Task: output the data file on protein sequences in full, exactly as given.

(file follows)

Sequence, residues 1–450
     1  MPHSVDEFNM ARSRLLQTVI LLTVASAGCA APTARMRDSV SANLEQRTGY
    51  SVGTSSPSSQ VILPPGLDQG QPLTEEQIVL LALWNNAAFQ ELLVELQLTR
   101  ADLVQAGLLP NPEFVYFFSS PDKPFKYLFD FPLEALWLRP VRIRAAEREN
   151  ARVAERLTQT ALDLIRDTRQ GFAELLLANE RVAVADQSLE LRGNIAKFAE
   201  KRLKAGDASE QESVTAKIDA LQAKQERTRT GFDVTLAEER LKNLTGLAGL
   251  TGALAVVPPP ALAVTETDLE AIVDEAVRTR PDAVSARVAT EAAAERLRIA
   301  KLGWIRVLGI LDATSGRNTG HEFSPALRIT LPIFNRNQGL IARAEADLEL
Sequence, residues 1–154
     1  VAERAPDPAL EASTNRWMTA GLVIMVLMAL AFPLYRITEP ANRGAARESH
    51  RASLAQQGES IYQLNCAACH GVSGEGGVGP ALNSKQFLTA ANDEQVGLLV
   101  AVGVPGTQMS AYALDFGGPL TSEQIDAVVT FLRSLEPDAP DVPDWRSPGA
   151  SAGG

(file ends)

Sequence, residues 1–450
     1  MPHSVDEFNM ARSRLLQTVI LLTVASAGCA APTARMRDSV SANLEQRTGY
    51  SVGTSSPSSQ VILPPGLDQG QPLTEEQIVL LALWNNAAFQ ELLVELQLTR
   101  ADLVQAGLLP NPEFVYFFSS PDKPFKYLFD FPLEALWLRP VRIRAAEREN
   151  ARVAERLTQT ALDLIRDTRQ GFAELLLANE RVAVADQSLE LRGNIAKFAE
   201  KRLKAGDASE QESVTAKIDA LQAKQERTRT GFDVTLAEER LKNLTGLAGL
   251  TGALAVVPPP ALAVTETDLE AIVDEAVRTR PDAVSARVAT EAAAERLRIA
   301  KLGWIRVLGI LDATSGRNTG HEFSPALRIT LPIFNRNQGL IARAEADLEL
Sequence, residues 1–154
     1  VAERAPDPAL EASTNRWMTA GLVIMVLMAL AFPLYRITEP ANRGAARESH
    51  RASLAQQGES IYQLNCAACH GVSGEGGVGP ALNSKQFLTA ANDEQVGLLV
   101  AVGVPGTQMS AYALDFGGPL TSEQIDAVVT FLRSLEPDAP DVPDWRSPGA
   151  SAGG